Compared to the general population, North American Indigenous populations have endured higher rates of invasive H. influenzae disease in both the pre- and post-Hib vaccine era (12). Although in the pre-Hib vaccine era, Hib was the major cause of invasive H. influenzae disease, cases attributed to Hia were also reported among some indigenous populations; for example, Hia accounted for 17% of invasive H. influenzae cases in a White Mountain Apache Indian community (October 1981–January 1983) (24). In the post-Hib vaccine era, Hia has emerged as a prominent cause of invasive disease among Alaska Natives and Aboriginal peoples of Canada (14,25,26). In northwestern Ontario (Canada), Hia is the serotype that most often cause invasive H. influenzae disease among Aboriginal persons, with an incidence rate of 7/100,000 during 2004–2008 (13,14). Recent studies in Northern Canada and Alaska found much higher prevalence of invasive Hia disease among the Aboriginal population than among the non-Aboriginal population. In Alaska, 88% of the cases occurred in Alaska Native persons (2002–2011) (25); in the Canadian North, 91% of the cases occurred in Aboriginal persons; the remaining 9% listed no ethnicity (2000–2010) (26). The incidence rate of invasive Hia disease in Alaska Native children <5 years in 2002–2011 was 36 × higher than in non-Native children (25). The factors related to an increased incidence of invasive Hia disease in Aboriginal populations are obscure. In this study, we questioned whether there were differences in the naturally acquired antibodies against Hia between Aboriginal and non-Aboriginal healthy and immunocompromised adults living in the same geographic area.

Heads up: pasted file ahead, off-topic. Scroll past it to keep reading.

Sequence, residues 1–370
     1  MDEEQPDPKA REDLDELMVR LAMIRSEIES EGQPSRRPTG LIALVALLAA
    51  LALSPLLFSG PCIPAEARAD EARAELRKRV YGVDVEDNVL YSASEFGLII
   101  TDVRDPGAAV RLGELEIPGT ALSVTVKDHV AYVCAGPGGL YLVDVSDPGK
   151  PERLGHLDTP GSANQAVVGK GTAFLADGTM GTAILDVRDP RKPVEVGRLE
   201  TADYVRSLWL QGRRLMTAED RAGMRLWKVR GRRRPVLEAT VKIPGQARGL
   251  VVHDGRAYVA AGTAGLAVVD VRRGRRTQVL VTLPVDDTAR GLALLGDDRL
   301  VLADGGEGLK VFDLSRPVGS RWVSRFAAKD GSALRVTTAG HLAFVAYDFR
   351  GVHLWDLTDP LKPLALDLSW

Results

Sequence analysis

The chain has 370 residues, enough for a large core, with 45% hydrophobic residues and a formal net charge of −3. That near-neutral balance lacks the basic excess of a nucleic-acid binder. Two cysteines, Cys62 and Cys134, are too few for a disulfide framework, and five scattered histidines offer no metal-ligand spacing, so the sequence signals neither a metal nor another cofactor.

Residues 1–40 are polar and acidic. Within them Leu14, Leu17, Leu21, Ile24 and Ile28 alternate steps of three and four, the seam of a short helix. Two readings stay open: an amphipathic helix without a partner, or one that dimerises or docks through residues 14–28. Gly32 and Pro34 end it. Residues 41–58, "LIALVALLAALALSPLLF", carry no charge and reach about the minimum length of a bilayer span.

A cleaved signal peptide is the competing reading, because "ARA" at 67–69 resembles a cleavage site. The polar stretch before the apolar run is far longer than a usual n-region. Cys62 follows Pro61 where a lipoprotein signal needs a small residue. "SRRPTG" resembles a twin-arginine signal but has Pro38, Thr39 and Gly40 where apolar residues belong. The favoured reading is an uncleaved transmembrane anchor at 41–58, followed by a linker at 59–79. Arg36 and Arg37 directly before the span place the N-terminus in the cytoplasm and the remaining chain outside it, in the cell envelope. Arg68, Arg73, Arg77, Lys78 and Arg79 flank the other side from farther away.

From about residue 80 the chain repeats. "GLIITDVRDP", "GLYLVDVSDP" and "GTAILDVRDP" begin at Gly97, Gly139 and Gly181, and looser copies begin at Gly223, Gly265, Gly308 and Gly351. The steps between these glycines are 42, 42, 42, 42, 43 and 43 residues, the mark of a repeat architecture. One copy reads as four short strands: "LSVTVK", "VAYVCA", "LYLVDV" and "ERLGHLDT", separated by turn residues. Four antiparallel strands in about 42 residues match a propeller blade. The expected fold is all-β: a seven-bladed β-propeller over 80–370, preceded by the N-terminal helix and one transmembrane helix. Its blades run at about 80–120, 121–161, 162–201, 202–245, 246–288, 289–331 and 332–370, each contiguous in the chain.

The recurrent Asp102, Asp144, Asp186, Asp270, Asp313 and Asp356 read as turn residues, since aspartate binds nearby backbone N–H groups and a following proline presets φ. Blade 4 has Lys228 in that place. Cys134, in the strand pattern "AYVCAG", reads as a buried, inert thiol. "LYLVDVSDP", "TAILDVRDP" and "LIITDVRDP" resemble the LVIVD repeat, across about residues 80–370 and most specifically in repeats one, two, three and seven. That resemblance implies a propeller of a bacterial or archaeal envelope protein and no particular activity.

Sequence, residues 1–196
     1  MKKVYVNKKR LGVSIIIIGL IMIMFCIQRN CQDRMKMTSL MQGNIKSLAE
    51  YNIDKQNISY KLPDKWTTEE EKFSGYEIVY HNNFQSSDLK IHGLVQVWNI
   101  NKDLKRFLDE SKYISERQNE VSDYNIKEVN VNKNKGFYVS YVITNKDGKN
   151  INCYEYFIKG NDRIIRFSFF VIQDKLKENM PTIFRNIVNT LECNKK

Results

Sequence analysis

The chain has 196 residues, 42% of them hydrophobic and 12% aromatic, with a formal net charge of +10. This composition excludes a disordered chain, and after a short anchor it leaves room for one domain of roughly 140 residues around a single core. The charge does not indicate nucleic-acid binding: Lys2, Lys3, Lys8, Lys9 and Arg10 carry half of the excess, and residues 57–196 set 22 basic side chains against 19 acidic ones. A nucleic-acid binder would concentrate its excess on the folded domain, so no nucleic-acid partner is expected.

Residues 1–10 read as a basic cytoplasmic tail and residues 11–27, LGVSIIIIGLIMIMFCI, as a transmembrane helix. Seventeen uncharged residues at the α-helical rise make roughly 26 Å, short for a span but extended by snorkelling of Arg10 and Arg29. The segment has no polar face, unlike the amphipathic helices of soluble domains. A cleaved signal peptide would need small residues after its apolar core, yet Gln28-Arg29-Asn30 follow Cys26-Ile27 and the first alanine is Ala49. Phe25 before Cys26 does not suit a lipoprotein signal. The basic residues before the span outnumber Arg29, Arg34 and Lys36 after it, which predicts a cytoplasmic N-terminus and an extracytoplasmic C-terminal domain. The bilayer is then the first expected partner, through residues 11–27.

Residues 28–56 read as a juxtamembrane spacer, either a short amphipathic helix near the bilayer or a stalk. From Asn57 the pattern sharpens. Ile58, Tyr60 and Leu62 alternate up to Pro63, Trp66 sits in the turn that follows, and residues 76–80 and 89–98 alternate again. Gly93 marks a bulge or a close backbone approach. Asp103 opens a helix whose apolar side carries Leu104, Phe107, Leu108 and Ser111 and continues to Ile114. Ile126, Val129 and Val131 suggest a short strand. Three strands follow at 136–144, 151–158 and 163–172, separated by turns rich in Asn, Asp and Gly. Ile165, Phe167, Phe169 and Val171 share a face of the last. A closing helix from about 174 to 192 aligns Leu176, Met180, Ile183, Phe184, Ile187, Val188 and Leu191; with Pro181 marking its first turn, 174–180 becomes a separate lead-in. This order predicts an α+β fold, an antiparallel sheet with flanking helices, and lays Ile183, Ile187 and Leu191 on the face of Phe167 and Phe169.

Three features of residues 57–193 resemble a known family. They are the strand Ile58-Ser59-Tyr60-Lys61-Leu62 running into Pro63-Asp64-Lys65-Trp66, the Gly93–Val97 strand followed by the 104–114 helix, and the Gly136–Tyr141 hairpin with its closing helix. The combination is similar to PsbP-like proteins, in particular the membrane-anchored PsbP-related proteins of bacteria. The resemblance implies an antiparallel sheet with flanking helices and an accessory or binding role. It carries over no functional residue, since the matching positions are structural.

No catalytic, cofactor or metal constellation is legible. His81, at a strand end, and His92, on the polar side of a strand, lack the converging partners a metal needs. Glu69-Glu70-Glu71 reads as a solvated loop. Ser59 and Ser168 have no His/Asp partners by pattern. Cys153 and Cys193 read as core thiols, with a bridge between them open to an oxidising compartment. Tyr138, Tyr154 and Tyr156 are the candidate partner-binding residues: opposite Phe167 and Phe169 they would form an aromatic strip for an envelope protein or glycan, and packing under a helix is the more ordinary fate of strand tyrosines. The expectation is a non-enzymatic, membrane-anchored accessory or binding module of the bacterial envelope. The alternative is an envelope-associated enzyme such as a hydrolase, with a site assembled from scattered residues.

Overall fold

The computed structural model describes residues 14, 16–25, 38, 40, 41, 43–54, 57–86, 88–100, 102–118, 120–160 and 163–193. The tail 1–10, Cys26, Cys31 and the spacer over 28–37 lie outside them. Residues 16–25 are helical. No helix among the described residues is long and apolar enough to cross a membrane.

Our study shows an increased functional activity of serum antibody against Hia in Aboriginal adults of Canada than in non-Aboriginal persons living in the same area, which is likely caused by a substantial quantity of IgM antibodies. The presence of elevated IgM concentrations relative to IgG concentrations that are specific to Hia is suggestive of recent exposure to this pathogen in this study population. This is more apparent when the IgM against Hib were found to be low (<0.08 µg/mL) in most of the study groups, except for the Aboriginal healthy comparison group. These low levels of Hib antibodies can be attributed to the successful implementation of Hib vaccination (88% mean vaccine coverage) in the Canadian pediatric population and the effect of herd immunity (27).

In both healthy comparison groups and immunocompromised adults, IgM against Hia concentrations were higher than those of IgG, although the ratio was opposite for IgM and IgG isotypes of antibodies to Hib. A prevalence of IgM in the polysaccharide antibody repertoire against Hia among unvaccinated adults further suggests that naturally acquired antibodies could be the result of exposure to some cross-reactive antigens (28). High concentrations of IgM against Hib polysaccharide have also been found in nonvaccinated Alaska Native adults and potentially linked to continuous Hib carriage in this population (23).